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Rigney Worries About an Old Friend : Baseball: Former Angel manager is happy to visit spring training but thinks the game is in trouble because of the labor dispute.


PHOENIX — Bill Rigney basked in the warmth of spring training Saturday, soaking up the sights and sounds of batting practice while holding court with a group of writers before Saturday's Angels-Athletics game in Municipal Stadium.

Health problems prevented Rigney, who managed the Angels from their inception in 1961 until early in 1969, from traveling to Arizona last season, marking the first time in 51 years that he had missed spring training.

But as good as it was to be back, there was something troubling Rigney, 77, who has undergone two hip-replacement surgeries in the past year and walks with a cane.

The uniforms, bats and balls were the same, but the atmosphere wasn't, not while the major leaguers were on strike and replacement players were on the field.

"It's like a real bad hangover and the next morning you're just sick to your stomach," said Rigney, a special assistant to Oakland General Manager Sandy Alderson. "It's hard to put it into words."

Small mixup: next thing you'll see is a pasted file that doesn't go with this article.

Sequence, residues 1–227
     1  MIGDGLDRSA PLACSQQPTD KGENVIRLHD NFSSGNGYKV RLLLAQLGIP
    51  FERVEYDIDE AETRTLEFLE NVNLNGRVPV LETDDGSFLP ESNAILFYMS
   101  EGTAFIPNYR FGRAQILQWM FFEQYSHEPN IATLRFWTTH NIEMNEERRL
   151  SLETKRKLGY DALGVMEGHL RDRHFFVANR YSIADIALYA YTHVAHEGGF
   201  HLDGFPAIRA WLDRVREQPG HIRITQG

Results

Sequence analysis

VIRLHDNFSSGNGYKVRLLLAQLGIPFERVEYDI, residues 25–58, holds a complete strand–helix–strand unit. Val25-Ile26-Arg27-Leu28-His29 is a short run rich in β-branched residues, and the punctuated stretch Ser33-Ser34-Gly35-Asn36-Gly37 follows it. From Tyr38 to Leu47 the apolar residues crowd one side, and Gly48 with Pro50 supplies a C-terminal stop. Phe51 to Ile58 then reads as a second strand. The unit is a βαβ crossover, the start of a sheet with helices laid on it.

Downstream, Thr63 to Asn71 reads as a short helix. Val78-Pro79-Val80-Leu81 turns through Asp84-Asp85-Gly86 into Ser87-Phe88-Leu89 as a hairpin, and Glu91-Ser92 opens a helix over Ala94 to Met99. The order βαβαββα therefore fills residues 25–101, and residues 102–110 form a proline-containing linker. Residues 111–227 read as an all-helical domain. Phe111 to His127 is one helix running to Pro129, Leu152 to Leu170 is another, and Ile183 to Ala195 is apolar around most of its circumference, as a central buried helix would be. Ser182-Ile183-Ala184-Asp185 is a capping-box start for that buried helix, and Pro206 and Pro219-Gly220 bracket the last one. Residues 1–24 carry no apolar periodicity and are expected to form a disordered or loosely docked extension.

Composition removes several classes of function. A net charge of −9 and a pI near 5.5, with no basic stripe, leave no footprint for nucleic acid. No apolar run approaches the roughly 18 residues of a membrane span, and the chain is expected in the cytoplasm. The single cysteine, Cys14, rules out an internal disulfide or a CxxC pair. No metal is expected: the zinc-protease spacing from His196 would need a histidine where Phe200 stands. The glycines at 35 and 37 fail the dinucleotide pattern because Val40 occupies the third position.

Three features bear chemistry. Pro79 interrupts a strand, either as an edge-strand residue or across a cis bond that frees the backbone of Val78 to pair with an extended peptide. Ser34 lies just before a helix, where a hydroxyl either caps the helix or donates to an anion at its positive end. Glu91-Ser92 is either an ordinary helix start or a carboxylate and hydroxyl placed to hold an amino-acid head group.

It pains Rigney to see the game he loves endure so much turmoil, and he can't understand why owners and players can't settle their labor dispute.

"What bothers me most is that the powers that be want this, that they're willing to accept this," Rigney said. "There's too many good things about the game for it to sit in a barrel and rot."

Rigney, who guided the Angels to an 86-76 record and third-place finish in the American League in 1962, the team's second season, said replacement baseball reminds him of baseball during World War II, when many major leaguers entered the service and were replaced by less-talented players.

"The game was played then, and that's what you're going to have here," he said. "You're not going to have the heavy hitters, the game is going to suffer, but it's not dead."

Rigney thinks baseball can fully recover once the strike is settled.

"Baseball has a marvelous way of bringing people back," he said. "You don't erase 100 years of tradition with one disagreement. Something that has been so good to so many people over the years, it's hard to say that's just going to stop."

Rigney's greatest day as a player went almost completely unnoticed. The former New York Giant went four for four with two home runs against the Brooklyn Dodgers in 1947, but his feat wasn't mentioned until the last paragraph of game stories in most New York papers.

The reason? Rigney had his big game the same day Brooklyn second baseman Jackie Robinson played his first game.

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